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Day 2: so far, so good.

July 2, 2013

This morning , I really hadn’t expected today’s writing to go very well.  It took me absolutely forever to get to sleep last night (fun), and then I woke fairly early and subsequently found myself unable to get back to sleep (FUN).  Needless to say, I’m feeling a wee bit tired by this point.

After a good amount of procrastination in the morning, I decided to knuckle down and see if I could at least finish the thousand words I’d intended to do the day before.  I promptly did just that.  I then managed to crank out just over a thousand additional words, leaving my total word count at 2061.  Thus, after two days I’m ever so slightly ahead of my 1000-per-day target.  Honestly, I’m feeling rather chuffed right now.

I’m not sure if many of today’s words (or, hell, any of them) are actually any good but the key thing is that they’re presenting things which need to be presented.  I can make sure that these things are presented well once I get to the redrafting stage; right now, my primary aim is to simply get the entire story written down so that I have something to work with.

Since this post has come out a bit on the short side, I though I’d also share one the ways I’ve started getting more words out when a session isn’t going well.  Essentially, I leave my computer for around an hour and proceed to do a flurry of physical exercise: squats, press-ups and sit-ups, in that order.  I still need to work on my technique for the former two (particularly the squats), but they seem to do the job: I always feel invigorated afterwards and the resulting rush of the blood to my head does wonders for my writing speed. It’s the best way to break a block that I currently know.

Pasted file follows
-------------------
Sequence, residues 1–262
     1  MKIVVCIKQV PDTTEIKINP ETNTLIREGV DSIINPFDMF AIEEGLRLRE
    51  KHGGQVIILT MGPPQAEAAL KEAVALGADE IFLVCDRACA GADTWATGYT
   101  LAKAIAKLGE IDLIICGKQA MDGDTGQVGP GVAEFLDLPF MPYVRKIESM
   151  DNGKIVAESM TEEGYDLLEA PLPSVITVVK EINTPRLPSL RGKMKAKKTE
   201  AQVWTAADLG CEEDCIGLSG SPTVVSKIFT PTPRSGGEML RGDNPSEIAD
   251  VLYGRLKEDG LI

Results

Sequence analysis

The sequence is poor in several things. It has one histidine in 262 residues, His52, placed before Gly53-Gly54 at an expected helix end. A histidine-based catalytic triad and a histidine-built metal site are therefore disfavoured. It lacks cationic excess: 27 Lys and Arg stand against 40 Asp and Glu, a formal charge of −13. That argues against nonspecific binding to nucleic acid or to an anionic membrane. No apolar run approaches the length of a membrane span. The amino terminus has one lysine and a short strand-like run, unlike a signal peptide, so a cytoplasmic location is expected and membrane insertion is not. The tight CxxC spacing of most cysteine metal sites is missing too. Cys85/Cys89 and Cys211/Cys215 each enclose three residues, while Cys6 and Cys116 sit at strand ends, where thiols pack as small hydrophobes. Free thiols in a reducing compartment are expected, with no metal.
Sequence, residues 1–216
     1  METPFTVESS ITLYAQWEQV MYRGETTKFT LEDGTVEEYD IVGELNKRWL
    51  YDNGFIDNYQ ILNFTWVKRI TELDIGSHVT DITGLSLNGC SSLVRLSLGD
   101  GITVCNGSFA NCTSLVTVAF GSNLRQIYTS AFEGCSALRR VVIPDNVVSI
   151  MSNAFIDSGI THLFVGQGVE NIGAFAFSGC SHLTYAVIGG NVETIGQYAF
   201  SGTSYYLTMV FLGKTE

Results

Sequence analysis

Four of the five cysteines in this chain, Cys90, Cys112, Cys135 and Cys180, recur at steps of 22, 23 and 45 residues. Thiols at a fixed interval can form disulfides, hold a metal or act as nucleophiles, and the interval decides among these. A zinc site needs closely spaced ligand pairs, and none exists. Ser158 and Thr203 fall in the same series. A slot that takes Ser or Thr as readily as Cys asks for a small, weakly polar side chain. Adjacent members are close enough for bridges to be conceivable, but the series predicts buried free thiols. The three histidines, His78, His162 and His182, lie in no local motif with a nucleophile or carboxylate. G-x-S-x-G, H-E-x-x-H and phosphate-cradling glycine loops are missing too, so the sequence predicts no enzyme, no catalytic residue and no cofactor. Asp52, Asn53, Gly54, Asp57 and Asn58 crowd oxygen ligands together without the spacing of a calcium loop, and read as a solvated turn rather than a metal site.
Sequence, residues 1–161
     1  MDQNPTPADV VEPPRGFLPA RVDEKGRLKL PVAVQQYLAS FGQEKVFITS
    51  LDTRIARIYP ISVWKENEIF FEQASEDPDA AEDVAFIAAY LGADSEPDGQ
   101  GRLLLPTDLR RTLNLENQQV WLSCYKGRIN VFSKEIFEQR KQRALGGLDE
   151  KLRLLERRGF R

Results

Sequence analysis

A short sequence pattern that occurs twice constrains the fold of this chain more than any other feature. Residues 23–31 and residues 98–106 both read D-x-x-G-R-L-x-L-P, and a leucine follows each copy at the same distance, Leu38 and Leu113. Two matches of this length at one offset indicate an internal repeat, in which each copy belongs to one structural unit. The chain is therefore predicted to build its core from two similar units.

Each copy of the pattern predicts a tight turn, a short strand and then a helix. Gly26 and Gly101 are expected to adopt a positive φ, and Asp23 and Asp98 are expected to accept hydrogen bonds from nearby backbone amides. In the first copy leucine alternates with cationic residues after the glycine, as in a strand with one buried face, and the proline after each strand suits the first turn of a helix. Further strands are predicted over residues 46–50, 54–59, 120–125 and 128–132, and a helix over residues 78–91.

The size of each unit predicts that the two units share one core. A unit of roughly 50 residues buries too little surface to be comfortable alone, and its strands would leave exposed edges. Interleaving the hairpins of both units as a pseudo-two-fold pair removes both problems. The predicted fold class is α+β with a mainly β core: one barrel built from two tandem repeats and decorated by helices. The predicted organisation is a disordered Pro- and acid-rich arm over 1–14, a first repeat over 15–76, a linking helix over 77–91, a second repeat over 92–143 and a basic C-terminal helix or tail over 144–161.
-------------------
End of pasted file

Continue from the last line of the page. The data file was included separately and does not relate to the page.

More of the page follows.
Got any tricks of your own for breaking a writing drought?  Got a WIP right now?  Feel free to post your thoughts below.

From → Blogging, Writing

  1. I also do physical exercise. Two other ideas: 1) I often walk my dogs and talk out my problem with the story. I might look like the odd neighbor (No I don’t wear a blue tooth device to hide the fact I am talking to myself.) but honestly I don’t care and the dogs like that I am talking to them.
    2) I go for a cup of coffee. I walk down to the coffee house, so its a nice break.

    • Coffee! How did I forget to mention that? Admittedly, I’m more of a tea person, but the principle is the same :).

      Maybe I should try talking my stuff through with my cat at some point…

  2. That’s great! I still have to get my goal done for today, but I’m feeling rather lazy since I went way ahead yesterday.

    I do the same thing. Whenever I’m stuck, I tend to ride my bike. That is, if it’s not too hot (which it has been lately). Something about doing physical exercise and getting the blood flowing often helps me feel more inspired, and sometimes giving my mind a break from the story, if only for a few moments, can often help, too.

    • To be honest, you probably have more reason to feel lazy than a lot of us do, given the speed you’ve been going lately.